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Ratanapokasatit, Y.;  Laisuan, W.;  Rattananukrom, T.;  Petchlorlian, A.;  Thaipisuttikul, I.;  Sompornrattanaphan, M. Role of Microbiomes in Skin Aging. Encyclopedia. Available online: (accessed on 24 June 2024).
Ratanapokasatit Y,  Laisuan W,  Rattananukrom T,  Petchlorlian A,  Thaipisuttikul I,  Sompornrattanaphan M. Role of Microbiomes in Skin Aging. Encyclopedia. Available at: Accessed June 24, 2024.
Ratanapokasatit, Yanisa, Wannada Laisuan, Teerapong Rattananukrom, Aisawan Petchlorlian, Iyarit Thaipisuttikul, Mongkhon Sompornrattanaphan. "Role of Microbiomes in Skin Aging" Encyclopedia, (accessed June 24, 2024).
Ratanapokasatit, Y.,  Laisuan, W.,  Rattananukrom, T.,  Petchlorlian, A.,  Thaipisuttikul, I., & Sompornrattanaphan, M. (2022, July 01). Role of Microbiomes in Skin Aging. In Encyclopedia.
Ratanapokasatit, Yanisa, et al. "Role of Microbiomes in Skin Aging." Encyclopedia. Web. 01 July, 2022.
Role of Microbiomes in Skin Aging

The skin has a multifactorial aging process, caused by both intrinsic and extrinsic factors. A major theory of aging involves cellular senescence or apoptosis resulting from oxidative damage as the skin’s antioxidant system tends to weaken with age. The human microbiota is a complex ecosystem that is made up of microorganisms (bacteria, fungi, and viruses). Both gut and skin microbiota have essential roles in the protection against invading pathogens, mediating inflammatory conditions, and the modulation of the immune system which is involved in both innate and adaptive immune responses. 

aging microbiota microbiome mycobiome

1. Human Microbiomes

Table 1 summarizes the differences between human gastrointestinal tract (GIT) microbiota and skin microbiota communities. The human GIT houses a complex ecosystem that is made up of trillions of microorganisms such as bacteria, fungi, and viruses, referred to as the gut microbiota [1]. The gut microbiome works to maintain host health and homeostasis, mediate inflammatory conditions, and modulate the immune system through a delicate balance of commensal and pathogenic bacteria [2][3]. However, the gut microbiome may be changed depending on lifestyle, nutrition, bacterial infections, antibiotics, surgical interventions, frailty, and inflammation [4][5][6]. An alteration of the intestinal bacteria results in microbial dysbiosis. A state of dysbiosis is characterized by a reduction in bacterial species diversity and a decrease in beneficial bacteria. Microbial variation can potentially affect the function of the microbiome by increasing intestinal permeability while compromising the absorption of nutrition, food metabolization, and immune system regulation [1][7][8][9]. A disruption of the intestinal microflora and its associated consequences can influence the pathology of various diseases, including aging [10][11].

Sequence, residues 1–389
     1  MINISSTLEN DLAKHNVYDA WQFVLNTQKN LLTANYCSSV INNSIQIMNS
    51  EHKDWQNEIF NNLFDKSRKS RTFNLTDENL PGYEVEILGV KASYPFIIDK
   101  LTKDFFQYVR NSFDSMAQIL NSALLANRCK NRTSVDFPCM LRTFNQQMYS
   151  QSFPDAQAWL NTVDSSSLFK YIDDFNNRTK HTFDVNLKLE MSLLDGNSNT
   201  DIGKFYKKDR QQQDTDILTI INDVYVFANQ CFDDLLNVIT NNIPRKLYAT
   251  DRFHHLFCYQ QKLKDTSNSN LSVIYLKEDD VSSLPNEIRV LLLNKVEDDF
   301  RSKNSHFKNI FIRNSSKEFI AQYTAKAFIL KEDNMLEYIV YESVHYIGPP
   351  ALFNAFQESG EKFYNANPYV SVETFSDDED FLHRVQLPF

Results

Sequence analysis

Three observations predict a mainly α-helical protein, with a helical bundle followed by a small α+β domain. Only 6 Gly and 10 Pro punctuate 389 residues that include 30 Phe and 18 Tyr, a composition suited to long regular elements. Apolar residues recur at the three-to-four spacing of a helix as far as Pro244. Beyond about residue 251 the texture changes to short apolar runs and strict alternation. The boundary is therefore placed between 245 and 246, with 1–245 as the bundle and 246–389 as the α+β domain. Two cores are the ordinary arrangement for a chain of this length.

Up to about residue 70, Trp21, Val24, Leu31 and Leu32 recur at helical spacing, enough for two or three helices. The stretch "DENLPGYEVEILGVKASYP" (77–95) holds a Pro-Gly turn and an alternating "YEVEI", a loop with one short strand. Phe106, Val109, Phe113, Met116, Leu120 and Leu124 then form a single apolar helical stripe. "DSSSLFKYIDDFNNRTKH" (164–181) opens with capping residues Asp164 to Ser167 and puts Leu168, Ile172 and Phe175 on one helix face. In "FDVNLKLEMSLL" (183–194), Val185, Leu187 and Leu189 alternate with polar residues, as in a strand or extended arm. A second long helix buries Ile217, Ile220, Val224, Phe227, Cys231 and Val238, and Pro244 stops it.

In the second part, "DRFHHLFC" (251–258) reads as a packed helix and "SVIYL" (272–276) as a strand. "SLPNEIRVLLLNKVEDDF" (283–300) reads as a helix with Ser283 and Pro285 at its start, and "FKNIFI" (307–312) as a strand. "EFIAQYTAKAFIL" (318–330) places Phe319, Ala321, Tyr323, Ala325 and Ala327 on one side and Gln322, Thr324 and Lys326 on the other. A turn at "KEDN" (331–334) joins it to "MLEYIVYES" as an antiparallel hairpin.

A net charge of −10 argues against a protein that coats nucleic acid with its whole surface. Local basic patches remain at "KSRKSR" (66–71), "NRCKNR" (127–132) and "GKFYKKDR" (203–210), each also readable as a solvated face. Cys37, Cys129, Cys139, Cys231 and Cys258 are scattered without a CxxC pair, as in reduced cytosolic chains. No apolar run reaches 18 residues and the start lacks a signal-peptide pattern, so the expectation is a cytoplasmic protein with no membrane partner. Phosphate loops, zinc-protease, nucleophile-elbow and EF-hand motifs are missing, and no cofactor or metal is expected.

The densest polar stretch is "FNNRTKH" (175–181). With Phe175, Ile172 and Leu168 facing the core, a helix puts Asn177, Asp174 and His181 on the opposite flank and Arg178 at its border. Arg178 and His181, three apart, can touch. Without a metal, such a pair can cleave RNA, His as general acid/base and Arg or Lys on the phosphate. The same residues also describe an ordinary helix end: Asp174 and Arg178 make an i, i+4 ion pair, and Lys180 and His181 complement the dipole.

Table 1. Differences between human gut microbiota and skin microbiota communities.
Comparators Gut Microbiota Skin Microbiota Citation
Microbial biomass
  • Higher biomass, Lower diversity
  • Lower biomass, higher diversity
Initial colonization pattern
  • Affected by mode of delivery (i.e., normal labor or Cesarean section)
  • Acquired from close contact, for example, family members
Microbial distribution
  • Longitudinal variations; increases steadily along with GIT and a high number in the colon
  • Horizontal variations; gut mucosa layers and gut lumen
  • Varies by skin physiological site (dry or oily)
Colonization stability
  • Stabilizes for at least 3–5 years and is likely to be maintained throughout life
  • Stabilizes for at least 2 years and significant changes during puberty due to hormonal influence
Microbiota community
  • Changed by antimicrobials and acquired GIT infection in later life
  • Changed by age, hormones, antimicrobial selection pressure, and environment
Abbreviation: GIT; gastrointestinal tract.
Skin is the largest organ in the human body. Similar to the gut microbiome, the skin microbiota is also composed of millions of microorganisms, including bacteria, fungi, and viruses. Some of these are beneficial symbiotics with essential roles in the protective barrier, preventing the invasion of pathogens. When an imbalance of commensals and pathogens occurs, skin disease or systemic disease can occur. Microorganisms reside at different depths or sub-compartments of the skin. Some microorganisms are variably present at the surface compared with deeper skin layers. Therefore, the capture of skin microbiota usually depends on the method used to sample these organisms. Most skin microbiome surveys have used amplicon sequencing. Recently, major technical and analytical breakthroughs have, however, enabled shotgun metagenomic sequencing studies. Additional studies with more invasive sampling techniques are necessary to fully understand the distribution of microorganisms in the skin. The overview of age-associated changes in gut and skin microbiota is demonstrated in Figure 1.